Farming subsidy woes will impact food security warns agriculture network


The Civil Society Agriculture Network (Cisanet) has said challenges that have marred the implementation of this year’s Farm Input Subsidy Programme (Fisp) can affect Malawi’s annual agricultural output.

Cisanet Executive Director Tamani Nkhono Mvula said in an interview on Wednesday that new developments in the programme such as delayed distribution of subsidy materials and decreased interest among some distributors, signal low food production if authorities fail to address the challenges in time.

“The challenges still prevail in the programme and this is likely to have an impact on the overall agricultural output this season. As we speak, distribution is yet to commence in most parts of the country and, that is unfortunate,” said Nkhono Mvula.


Reports indicate that only six out of ten companies have signed contracts to supply maize seed this year amid fears that the venture may not be viable with the kwacha continuing to fall to major trading currencies.

At the start of this week, government was yet to finalise the identification of beneficiaries and distribution of coupons for the programme in some districts of the country a development the targetted beneficiaries say has affected their production plan.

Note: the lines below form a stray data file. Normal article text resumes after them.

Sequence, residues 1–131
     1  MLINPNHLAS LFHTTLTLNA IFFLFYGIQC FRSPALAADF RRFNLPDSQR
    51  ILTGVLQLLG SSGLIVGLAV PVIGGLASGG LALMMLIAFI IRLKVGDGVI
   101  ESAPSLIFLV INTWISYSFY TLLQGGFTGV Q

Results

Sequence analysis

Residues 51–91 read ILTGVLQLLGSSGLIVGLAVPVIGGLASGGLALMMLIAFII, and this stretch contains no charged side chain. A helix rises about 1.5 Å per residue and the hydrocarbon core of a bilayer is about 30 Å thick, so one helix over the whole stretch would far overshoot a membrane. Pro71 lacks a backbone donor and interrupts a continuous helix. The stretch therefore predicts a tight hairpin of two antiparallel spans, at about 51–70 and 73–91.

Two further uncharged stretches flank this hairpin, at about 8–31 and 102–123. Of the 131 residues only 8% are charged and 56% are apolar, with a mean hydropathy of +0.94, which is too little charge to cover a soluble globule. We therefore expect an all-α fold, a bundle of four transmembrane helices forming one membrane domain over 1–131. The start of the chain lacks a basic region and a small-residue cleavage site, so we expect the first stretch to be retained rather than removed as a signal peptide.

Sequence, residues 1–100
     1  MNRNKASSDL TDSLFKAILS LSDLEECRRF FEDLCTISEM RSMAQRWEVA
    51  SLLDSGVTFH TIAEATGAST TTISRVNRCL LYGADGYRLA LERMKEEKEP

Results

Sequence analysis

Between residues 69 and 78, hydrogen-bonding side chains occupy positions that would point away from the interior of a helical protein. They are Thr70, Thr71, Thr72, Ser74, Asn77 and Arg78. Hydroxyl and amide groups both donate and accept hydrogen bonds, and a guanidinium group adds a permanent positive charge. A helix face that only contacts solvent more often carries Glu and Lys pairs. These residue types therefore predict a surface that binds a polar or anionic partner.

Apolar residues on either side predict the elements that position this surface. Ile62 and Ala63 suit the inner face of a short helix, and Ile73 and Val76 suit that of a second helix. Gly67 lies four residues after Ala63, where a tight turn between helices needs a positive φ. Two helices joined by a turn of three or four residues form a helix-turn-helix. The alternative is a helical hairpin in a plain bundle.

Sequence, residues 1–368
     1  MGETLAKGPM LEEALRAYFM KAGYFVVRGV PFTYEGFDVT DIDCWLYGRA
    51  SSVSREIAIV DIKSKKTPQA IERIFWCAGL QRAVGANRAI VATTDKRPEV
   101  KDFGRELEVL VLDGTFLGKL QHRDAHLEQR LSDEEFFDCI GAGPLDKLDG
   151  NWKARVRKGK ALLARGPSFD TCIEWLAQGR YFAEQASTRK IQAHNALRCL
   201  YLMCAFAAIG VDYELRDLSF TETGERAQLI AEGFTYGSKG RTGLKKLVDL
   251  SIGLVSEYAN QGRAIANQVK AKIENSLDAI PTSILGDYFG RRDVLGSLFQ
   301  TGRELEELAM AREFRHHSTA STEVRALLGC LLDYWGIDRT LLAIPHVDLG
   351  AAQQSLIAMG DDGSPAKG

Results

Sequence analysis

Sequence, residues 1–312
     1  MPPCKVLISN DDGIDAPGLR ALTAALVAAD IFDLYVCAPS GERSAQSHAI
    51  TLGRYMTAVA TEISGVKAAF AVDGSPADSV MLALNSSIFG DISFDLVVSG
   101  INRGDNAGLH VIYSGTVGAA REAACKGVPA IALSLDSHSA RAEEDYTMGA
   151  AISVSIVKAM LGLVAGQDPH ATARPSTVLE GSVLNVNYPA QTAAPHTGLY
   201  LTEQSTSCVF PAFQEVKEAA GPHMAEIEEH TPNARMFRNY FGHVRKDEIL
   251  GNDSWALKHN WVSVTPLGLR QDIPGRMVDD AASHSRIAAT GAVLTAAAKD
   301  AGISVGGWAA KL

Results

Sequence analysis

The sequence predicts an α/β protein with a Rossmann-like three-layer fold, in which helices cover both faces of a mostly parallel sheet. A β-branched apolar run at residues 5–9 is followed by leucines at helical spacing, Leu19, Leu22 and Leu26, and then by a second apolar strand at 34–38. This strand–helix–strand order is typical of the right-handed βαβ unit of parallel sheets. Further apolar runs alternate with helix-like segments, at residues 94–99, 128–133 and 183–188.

According to Mvula, in a normal circumstances, government should by now have completed distribution of the farm materials to give them enough time to effectively prepare for the planting season.


“By now, we anticipated that the fertilizer and other material would have been distributed to at least all the central points and be channeled to the farmers,” said Mvula.

The 2015/16 subsidy programme progress report states that this year’s Fisp has faced a lot of logistical hitches, including delayed printing of coupons resulting indelayed distribution.

Some farmers we spoke to in some areas said while the delay may be justifiable on the government side on the basis of prevailing economic challenges, the situation still poses a threat to agricultural output.

“We are yet to access the coupons and we remain optimistic. By this time last year we had already received the coupons and this delay would have huge repercussion as it will entail delays in the entire production cycle this year,” said Dickson Chikadula, a smallholder farmer from Ndirande in Blantyre.

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